Veronica and Ella turned up while we were still in our hold. They also vetted through fine. Ella was cooled down and relaxed after walking in the last couple of miles. So she was in good shape. However, she did make a bit of a rep for herself in the vetting area. She tried to both kick AND bite the vet. And did manage to kick Veronica. Luckily just a glancing blow, but still enough to make Veronica hopping mad.
Ella really was particularly rude with her hind feet. We are sort of wondering if the previous day’s events had something to do with that. My border collie, Jimi, nipped her heel, and she lambasted him (it’s hard to blame her). Jimi went off yelping, obviously stung, though he was fine after a few minutes (she got him in the upper thigh). Veronica’s husband, Brian, suggested that Ella might have been pretty impressed at how effectively she’d routed the dog, and was thus emboldened to use those feet a bit more. Whatever the reason, we are going to have to do a whole lot of dry run vet checks at home in the next little while. And likely a chain shank over the nose at real vet checks for everyone’s safety.
After the 14 miles was done, Diego had to go back out and leave all his friends. He’s still herdbound, so I knew that was going to be a bit tricky. As soon as he realized he was alone, before we even passed the start line, he had a little nervous breakdown. Shook his head, reared a couple of times (slow/low rears, not too scary). He is not a strong-willed horse, so he did go out, albeit reluctantly. Within half a mile, he had decided that if we had to do this, then we should just get it over with. And from that point on, he got down to business and traveled. For the much of the loop, I had him on a loose rein, trotting and cantering the winding trails. Practicing our neck reining, and enjoying the spectacular views. It is a fun trail to ride, and really keeps you interested and looking ahead. Normally I hate repeating a loop even twice, much less three times. But at this ride, it’s too lovely to be bored.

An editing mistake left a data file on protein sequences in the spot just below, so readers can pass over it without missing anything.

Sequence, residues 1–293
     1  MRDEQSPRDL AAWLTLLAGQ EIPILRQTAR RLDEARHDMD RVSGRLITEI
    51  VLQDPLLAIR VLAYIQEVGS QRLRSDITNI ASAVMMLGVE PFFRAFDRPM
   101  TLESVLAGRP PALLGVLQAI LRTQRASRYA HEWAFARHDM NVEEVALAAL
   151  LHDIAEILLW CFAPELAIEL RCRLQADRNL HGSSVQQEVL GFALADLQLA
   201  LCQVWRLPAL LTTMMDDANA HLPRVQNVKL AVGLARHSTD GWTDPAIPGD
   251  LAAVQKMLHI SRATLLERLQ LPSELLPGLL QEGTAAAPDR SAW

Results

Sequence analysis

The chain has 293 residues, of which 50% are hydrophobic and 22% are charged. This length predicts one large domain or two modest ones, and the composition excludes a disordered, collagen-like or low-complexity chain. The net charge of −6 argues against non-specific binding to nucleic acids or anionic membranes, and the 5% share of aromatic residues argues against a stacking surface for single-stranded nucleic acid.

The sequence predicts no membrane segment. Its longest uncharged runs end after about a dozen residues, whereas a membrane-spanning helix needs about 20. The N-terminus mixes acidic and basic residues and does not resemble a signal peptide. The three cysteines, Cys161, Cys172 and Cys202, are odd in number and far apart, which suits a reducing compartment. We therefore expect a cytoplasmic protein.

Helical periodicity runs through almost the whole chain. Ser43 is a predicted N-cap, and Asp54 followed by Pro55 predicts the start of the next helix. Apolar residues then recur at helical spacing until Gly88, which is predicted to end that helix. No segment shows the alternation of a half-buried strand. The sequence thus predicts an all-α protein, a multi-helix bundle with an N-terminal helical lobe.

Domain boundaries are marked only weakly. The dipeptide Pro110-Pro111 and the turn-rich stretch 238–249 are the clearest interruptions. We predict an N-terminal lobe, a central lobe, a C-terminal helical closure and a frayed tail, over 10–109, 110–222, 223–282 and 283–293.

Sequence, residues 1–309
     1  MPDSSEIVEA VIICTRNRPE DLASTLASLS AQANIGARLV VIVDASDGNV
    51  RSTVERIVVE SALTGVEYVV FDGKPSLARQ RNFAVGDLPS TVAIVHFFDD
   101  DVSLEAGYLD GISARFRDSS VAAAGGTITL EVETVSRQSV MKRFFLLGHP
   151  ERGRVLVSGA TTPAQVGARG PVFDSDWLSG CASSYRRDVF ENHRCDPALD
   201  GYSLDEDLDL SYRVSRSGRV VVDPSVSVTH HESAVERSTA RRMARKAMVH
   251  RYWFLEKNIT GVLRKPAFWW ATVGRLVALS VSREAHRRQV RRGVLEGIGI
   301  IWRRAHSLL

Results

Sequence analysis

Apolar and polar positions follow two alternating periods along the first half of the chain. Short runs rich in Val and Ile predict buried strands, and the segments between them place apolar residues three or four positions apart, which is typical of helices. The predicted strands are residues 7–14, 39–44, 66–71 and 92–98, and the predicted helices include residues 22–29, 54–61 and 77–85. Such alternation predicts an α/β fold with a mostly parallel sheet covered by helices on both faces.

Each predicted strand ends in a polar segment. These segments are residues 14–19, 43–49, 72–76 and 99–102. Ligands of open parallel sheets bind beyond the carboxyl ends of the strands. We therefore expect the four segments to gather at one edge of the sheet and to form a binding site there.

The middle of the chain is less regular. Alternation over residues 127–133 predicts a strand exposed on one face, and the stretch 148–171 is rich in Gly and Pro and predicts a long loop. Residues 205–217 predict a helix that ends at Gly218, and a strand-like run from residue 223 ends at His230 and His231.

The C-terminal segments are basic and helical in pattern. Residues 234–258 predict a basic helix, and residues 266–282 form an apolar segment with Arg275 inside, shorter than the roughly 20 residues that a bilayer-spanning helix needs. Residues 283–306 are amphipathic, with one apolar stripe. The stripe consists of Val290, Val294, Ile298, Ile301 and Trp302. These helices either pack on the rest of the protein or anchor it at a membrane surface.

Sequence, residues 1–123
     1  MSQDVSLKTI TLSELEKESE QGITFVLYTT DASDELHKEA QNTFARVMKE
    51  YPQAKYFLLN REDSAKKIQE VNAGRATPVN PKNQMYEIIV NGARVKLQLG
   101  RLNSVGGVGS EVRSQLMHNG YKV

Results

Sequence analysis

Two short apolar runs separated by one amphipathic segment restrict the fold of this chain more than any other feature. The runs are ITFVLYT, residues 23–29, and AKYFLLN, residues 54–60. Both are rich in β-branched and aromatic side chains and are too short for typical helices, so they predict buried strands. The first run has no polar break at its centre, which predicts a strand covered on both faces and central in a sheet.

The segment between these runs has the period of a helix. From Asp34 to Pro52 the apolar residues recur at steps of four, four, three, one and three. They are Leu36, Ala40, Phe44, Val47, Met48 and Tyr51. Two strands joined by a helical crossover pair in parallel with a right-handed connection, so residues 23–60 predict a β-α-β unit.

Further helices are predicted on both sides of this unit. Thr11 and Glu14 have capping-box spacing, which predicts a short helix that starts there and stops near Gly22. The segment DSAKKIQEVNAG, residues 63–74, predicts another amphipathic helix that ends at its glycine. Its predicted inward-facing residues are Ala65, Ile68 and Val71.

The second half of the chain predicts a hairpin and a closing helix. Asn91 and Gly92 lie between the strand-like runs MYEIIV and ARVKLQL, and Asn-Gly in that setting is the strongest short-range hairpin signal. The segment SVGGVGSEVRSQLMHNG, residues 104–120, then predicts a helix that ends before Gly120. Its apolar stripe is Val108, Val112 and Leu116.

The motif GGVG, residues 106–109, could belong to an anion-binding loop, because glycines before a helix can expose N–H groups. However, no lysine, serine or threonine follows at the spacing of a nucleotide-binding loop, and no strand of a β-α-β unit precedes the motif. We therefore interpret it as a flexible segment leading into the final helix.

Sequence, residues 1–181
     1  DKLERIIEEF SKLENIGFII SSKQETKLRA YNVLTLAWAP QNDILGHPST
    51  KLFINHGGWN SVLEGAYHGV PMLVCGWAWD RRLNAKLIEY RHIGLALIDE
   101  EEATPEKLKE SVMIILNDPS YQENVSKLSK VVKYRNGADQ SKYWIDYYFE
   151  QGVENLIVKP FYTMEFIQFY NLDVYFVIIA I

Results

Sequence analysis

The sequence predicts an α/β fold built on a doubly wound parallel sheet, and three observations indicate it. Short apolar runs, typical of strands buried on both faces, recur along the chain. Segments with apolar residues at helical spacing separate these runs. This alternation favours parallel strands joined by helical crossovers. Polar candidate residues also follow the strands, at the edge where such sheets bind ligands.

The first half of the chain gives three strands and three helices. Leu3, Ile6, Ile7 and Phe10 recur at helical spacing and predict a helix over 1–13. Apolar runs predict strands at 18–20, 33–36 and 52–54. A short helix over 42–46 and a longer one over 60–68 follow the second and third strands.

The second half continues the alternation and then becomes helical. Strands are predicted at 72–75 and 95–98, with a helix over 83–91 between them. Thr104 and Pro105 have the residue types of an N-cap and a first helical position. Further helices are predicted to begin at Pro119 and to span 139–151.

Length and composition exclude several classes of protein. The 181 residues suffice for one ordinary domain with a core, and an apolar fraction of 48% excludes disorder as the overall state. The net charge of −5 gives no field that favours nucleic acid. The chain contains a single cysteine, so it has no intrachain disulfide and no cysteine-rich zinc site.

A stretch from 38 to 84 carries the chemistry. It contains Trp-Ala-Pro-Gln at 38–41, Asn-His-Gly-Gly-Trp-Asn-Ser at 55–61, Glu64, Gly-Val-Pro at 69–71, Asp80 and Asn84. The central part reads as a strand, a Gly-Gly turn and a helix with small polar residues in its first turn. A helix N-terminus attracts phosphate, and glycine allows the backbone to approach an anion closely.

I expected to lose quite a bit of time on that loop, since I thought we might have to walk quite a long way (or maybe crab sideways while not allowing him to gallop back towards camp, bucking…). But after that first half mile of somewhat jittery walking, he committed himself to the task and we moved out at a respectable pace. I was extremely pleased with him and he did a lot of ear flicking listening to me telling him what a grand horse he was. We ended up doing the loop in 1:11. He came into the finish trotting and quite relaxed on a loose rein. Veronica came over with Ella, so he pulsed down quickly. He was at 52 for his parameter check and 44 for his 30 minute vetting.
However… he was a bit lame. I pulled off his boots in case there was a stone in them. He was still off. Marg was standing there watching, and she pointed out one of the boots. The back edge had gotten folded inwards and jammed. Sure enough… when the vet checked that spot, Diego was very flinchy. It had bruised and rubbed the heel bulb. It’s not a serious injury, and we got a completion anyway. He should be fine within a day or two.
With that 21 miles, Diego is now at 425 OCTRA miles. I am at 981. I should hit 1000 miles at our next ride (which is Coates Creek, next weekend). And if we go to all the rest of the rides this year, Diego could possibly get his 500 miles as well. As long as we can avoid anymore dumb operator errors like that little boot failure. (Sorry about that, Buddy!!!)